Cilia and flagella are formed and maintained by intraflagellar transport (IFT) and play important roles in sensing and moving across species. At the distal tip of the cilia/flagella, IFT complexes turn around to switch from anterograde to retrograde transport; however, the underlying regulatory mechanism is unclear. Here, we identified ICK localization at the tip of cilia as a regulator of ciliary transport. In ICK-deficient mice, we found ciliary defects in neuronal progenitor cells with Hedgehog signal defects. ICK-deficient cells formed cilia with mislocalized Hedgehog signaling components. Loss of ICK caused the accumulation of IFT-A, IFT-B, and BBSome components at the ciliary tips. In contrast, overexpression of ICK induced the strong accumulation of IFT-B, but not IFT-A or BBSome components at ciliary tips. In addition, ICK directly phosphorylated Kif3a, while inhibition of this Kif3a phosphorylation affected ciliary formation. Our results suggest that ICK is a Kif3a kinase and essential for proper ciliogenesis in development by regulating ciliary transport at the tip of cilia.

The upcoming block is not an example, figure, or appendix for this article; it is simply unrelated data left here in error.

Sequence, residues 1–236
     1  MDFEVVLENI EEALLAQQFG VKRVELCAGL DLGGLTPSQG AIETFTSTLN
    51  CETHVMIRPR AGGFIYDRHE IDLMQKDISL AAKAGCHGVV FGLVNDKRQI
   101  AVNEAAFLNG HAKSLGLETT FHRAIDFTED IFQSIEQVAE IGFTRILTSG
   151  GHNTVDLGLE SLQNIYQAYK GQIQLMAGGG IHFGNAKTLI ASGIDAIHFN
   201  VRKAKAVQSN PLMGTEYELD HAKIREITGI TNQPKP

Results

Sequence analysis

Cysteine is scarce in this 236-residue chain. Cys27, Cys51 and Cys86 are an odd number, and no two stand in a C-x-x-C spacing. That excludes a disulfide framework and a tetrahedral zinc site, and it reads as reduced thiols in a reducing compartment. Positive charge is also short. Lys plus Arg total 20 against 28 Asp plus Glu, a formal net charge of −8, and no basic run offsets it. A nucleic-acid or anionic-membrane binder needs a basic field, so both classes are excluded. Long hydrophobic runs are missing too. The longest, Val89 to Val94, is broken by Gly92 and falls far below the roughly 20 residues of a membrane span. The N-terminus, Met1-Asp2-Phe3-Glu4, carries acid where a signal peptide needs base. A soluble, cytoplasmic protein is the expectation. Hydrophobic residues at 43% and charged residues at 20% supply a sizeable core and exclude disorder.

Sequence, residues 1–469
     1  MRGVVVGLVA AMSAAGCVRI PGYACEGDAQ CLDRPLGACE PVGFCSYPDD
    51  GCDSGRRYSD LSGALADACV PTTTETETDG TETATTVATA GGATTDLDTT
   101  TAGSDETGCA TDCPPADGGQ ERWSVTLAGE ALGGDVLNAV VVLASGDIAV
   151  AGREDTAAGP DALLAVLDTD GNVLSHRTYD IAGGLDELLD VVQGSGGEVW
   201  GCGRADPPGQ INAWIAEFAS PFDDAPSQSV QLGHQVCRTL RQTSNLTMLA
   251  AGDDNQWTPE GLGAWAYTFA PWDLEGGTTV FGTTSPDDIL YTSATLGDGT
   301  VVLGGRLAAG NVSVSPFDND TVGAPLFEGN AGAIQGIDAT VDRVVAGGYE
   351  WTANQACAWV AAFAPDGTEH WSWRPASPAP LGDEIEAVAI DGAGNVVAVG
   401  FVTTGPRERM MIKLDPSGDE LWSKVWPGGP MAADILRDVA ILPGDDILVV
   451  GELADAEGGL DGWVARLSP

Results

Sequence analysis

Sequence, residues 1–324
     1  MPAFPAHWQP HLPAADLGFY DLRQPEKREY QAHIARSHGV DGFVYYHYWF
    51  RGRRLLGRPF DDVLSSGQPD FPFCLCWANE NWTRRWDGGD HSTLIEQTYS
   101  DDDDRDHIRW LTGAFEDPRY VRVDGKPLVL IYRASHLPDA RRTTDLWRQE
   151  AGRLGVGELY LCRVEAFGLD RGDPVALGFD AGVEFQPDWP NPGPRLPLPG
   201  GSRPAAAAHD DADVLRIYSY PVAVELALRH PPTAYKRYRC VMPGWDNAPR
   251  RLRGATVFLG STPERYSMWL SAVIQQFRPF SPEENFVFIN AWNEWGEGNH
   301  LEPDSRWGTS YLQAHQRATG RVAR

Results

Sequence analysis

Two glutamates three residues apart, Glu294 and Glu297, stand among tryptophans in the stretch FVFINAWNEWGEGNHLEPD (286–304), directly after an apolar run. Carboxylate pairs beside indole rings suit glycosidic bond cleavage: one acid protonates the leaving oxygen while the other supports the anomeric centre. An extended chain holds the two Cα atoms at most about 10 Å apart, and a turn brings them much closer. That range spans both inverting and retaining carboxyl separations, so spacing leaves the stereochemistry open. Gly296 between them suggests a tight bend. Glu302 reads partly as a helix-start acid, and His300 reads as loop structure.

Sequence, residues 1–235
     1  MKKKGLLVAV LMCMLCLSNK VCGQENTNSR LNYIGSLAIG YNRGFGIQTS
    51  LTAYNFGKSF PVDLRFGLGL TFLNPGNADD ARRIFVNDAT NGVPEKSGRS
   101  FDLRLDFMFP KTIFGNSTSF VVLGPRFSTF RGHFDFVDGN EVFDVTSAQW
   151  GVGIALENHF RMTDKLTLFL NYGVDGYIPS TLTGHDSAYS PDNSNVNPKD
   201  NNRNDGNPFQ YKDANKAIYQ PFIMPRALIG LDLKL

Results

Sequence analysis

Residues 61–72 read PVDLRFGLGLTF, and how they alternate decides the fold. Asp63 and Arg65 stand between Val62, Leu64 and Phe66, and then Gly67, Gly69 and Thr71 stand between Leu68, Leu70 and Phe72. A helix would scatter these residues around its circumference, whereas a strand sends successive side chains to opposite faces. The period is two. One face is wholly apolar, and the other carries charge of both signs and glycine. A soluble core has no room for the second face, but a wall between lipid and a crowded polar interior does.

Intestinal cell kinase (ICK) phosphorylates the kinesin-2 subunit Kif3a to regulate intraflagellar transport and therefore ciliary morphogenesis. ICK deficiency leads to cell type-specific loss of cilia and defective Sonic Hedgehog signaling during central nervous system development.
- Intestinal cell kinase (ICK) is essential for cell type-specific ciliogenesis and Hedgehog signaling in development.
- Ciliary transport is regulated by ICK at the tips of cilia.
- Kif3a is a phosphorylation target of ICK.
- Kif3a phosphorylation is required for normal ciliary formation.